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Chapter 18 : Other Tort Cases

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Other Tort Cases, Page 1 of 2

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Abstract:

Common medical legal torts involve the transmission of an infectious disease, often a sexually transmitted one, and the attorney for either plaintiff or defendant is obliged to seek supporting information from an expert before proceeding. One of the most important points to give your client-attorney is that herpes genital infections are most often transmitted by an individual with asymptomatic viral shedding. The majority of herpes simplex virus type 2 (HSV-2) infections are acquired from a sexual partner shedding virus in the absence of recognized disease. The appearance of the plaintiff's symptoms three days later is consistent with the incubation period of HSV-2. Splenectomized individuals (those whose spleens have been removed) or persons with splenic defects lack the filtering and antibody functions and are at risk of infection with encapsulated bacteria. The majority of infections are late, that is, occurring more than two years after splenectomy. Many cases occur ten or more years after operation. The majority of postsplenectomy infections are due to , but serious infections have also been caused by , , , staphylococci, and other streptococcal species.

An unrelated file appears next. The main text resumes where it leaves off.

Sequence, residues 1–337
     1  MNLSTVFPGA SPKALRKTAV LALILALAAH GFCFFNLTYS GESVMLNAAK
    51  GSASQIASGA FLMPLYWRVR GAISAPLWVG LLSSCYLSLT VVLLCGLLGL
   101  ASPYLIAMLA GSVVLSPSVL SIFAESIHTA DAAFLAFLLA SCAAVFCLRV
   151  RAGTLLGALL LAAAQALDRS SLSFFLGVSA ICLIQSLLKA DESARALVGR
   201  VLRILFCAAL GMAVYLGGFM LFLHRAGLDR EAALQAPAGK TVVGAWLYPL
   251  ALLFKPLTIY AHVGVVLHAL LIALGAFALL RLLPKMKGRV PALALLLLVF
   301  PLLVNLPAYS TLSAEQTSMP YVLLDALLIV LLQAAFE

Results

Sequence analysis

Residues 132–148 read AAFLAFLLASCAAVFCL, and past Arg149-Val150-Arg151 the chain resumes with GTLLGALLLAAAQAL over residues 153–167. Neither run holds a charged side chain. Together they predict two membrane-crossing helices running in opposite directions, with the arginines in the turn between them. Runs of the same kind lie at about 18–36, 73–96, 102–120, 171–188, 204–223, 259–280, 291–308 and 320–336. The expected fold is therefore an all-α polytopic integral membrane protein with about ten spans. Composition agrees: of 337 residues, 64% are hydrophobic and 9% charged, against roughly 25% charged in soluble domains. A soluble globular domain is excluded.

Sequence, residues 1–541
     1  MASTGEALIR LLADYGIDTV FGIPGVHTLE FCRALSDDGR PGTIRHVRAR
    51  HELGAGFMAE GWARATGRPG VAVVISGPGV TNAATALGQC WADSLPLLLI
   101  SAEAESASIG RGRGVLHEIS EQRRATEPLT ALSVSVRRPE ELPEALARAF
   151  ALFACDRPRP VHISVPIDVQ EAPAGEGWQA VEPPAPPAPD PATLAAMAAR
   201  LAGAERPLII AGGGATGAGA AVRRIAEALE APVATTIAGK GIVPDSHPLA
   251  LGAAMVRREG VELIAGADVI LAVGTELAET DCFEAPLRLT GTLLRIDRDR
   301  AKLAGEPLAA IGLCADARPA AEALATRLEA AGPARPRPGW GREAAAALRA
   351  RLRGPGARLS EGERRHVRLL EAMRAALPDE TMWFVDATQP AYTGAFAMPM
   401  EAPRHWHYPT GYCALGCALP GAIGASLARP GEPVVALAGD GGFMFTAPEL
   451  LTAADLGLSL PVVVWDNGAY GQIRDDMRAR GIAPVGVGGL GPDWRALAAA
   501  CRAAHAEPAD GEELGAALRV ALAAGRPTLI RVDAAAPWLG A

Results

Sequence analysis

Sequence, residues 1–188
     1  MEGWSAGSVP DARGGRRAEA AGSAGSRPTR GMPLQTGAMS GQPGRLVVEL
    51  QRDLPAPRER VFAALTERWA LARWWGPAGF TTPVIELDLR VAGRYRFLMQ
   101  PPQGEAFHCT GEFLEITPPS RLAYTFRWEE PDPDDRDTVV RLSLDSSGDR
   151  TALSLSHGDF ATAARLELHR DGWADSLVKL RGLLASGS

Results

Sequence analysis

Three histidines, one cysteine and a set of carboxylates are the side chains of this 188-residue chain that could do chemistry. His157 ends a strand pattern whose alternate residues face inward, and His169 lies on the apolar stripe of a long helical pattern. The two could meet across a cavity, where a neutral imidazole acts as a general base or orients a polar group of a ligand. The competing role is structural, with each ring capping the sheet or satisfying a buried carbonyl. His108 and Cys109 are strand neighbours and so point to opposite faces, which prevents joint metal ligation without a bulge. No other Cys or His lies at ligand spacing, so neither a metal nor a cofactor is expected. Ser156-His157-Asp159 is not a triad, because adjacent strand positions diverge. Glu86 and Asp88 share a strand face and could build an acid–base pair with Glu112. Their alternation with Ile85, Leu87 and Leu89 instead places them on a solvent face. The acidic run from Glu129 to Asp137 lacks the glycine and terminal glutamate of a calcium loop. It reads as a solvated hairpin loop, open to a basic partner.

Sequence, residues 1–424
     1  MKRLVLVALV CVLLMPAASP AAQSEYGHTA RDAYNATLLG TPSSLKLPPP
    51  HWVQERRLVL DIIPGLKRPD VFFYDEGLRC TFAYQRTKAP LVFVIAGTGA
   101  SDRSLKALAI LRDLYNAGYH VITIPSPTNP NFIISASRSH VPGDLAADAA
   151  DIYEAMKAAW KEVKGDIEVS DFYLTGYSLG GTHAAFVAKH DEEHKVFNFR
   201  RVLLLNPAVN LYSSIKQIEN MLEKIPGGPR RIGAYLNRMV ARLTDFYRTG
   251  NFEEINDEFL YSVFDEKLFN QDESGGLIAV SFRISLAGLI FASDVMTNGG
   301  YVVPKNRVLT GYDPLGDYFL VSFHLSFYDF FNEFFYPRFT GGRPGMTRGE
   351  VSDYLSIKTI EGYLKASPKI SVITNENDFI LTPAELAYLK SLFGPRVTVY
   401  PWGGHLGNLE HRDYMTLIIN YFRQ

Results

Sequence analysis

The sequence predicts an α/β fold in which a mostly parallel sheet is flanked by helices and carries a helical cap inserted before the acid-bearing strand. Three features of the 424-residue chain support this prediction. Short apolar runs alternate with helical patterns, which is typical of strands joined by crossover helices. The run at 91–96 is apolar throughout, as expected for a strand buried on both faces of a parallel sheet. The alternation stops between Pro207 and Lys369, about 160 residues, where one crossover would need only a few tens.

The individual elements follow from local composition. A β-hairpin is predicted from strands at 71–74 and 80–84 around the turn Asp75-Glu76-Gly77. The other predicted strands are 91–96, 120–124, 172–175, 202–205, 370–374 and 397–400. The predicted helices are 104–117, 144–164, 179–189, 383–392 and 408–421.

Citation: Ellner P. 2006. Other Tort Cases, p 103-113. In The Biomedical Scientist as Expert Witness. ASM Press, Washington, DC. doi: 10.1128/9781555816520.ch18

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Herpes simplex virus 2
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References

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1. Gorbach SL,, JG Bartlett,, NR Blacklow (eds.). 1998. Infectious Diseases, 2nd ed. WB Saunders Co., Philadelphia, Pa.
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1. Waghorn DJ,, Mayon-White RT. 1997. A study of 42 episodes of overwhelming post-splenectomy infection: is current guidance for asplenic individuals being followed? J. Infect. 35: 289 294.
2. Klinge J, et al. 1997. Overwhelming postsplenectomy infection with vaccine-type Streptococcus pneumoniae in a 12-year-old girl despite vaccination and antibiotic prophylaxis. Infection 25: 368 381.
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5. Green JB, et al. 1986. Late septic complications in adults following splenectomy for trauma: a prospective analysis in 144 patients. J. Trauma 26: 999 1004.
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